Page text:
Fireplace Safety Tips to Protect Your HomeDecember 1, 2016 / Category Tag, Firewood
So, you’ve just come home from a long day at work, the kid’s are all away at their respective sports practices, and the nest is empty, albeit a little chilly. This is when the idea hits you.
“I’m going to make a fire.”
You throw on the most comfortable clothes you own, turn on the latest album of that band you love, and load up the fireplace with firewood. You don’t know what type of firewood it is, but it’ll do the trick, or at least that’s what you tell yourself. Once the fireplace is jam-packed, you take a moment to admire the impressive fire log sculpture that you have created. There is wood, a whole lot of wood, kindling is poking out here and there, and you can even still see a faint trail of lighter fluid. You are the Michelangelo of fire!
You reach for the fire, lighter in hand, and just like that, in the blink of eye, the room is billowing with smoke, the cat is running out the door, you are coughing up both of your lungs, and the fire department is outside. Go ahead, Michelangelo, revel in the glory of the masterpiece!
Similar to the hundreds of thousands of Americans per year, this could be you. But once you finish this article, you will be all the wiser! Listed below are four of the most essential tips and rules that you should be taking into consideration when starting and constructing you next fire. A moment of relaxation is rare; don’t send it up in flames.
Inspect! Inspect! Inspect!
- Oftentimes the first step towards a full-on catastrophe is failing to inspect your fireplace. According to the Hearth, Patio, and Barbeque Association, your chimney should be inspected and cleaned annually by a professional chimney sweep.
- Chimney good to go? Not so fast. Ensure that any debris left over from the previous fire is cleared away. This includes coals, ashes, and any other remnants that may exist.
- Next up, clear the surrounding area. A good rule of thumb is to have a ten-foot safe-zone surrounding your fireplace and/or fire-pit. Be on the lookout for books, furniture, clothes, and home décor, as these all lend themselves to be potentially flammable.
Keep It Small
- Unless you are legitimately roasting a swine, there is no reason for your fire to be reminiscent of Mount Vesuvius. Start with pre-cut, seasoned firewood, or manufactured fire logs, and limit your workspace to the size of your grate.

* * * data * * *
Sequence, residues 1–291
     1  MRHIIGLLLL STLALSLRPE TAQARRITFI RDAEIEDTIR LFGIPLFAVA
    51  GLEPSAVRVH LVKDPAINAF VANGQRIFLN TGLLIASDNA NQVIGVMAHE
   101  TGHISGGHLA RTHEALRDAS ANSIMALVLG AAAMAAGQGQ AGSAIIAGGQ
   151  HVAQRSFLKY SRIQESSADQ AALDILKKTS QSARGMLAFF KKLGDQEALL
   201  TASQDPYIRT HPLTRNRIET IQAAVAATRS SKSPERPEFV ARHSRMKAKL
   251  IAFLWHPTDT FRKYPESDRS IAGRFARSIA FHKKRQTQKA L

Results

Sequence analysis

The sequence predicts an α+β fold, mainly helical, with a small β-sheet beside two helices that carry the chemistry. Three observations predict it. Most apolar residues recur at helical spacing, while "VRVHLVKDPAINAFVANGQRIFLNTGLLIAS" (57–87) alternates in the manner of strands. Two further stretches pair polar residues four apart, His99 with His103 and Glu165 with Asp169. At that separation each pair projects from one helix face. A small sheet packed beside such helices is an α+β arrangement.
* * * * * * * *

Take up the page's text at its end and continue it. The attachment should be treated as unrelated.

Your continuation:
- Replace logs only when necessary. This will keep you and your surroundings safe, while also minimizing post-fire clean up and waiting for the fire to die out.
Know Your Kindling
- Thinking of using rolled-up newspaper from yesterday? What about that charcoal left over from last week’s cookout? Think again. The safest way to start to a fire is with a manufactured fire-starter. This minimizes the likelihood that your kindling gets blown adrift mid-blaze.
- Never, under any condition, use lighter fluid, gasoline, or other liquid accelerant in your fireplace.
Remove Creosote Buildup Every Year
- Creosote is a black, oily residue that builds up on the interior of your chimney. This can reduce air flow through the chimney, sending smoke into the home and impeding the fire, along with the danger of creosote itself catching fire. Not good.
- Cleaning your chimney at least once per year is highly recommended to prevent such danger.
- Additionally there are consumer firelog products, such as Creosote Buster, that reduce creosote buildup and the chance of a home heating fire (the second leading cause of home fires).
So, there you have it. These tips will keep you safe and worry-free the next time you decide to channel your inner Michelangelo. If you would like to see some other helpful suggestions, we recommend the National Fire Protection Association and the Hearth, Patio & Barbecue Association.
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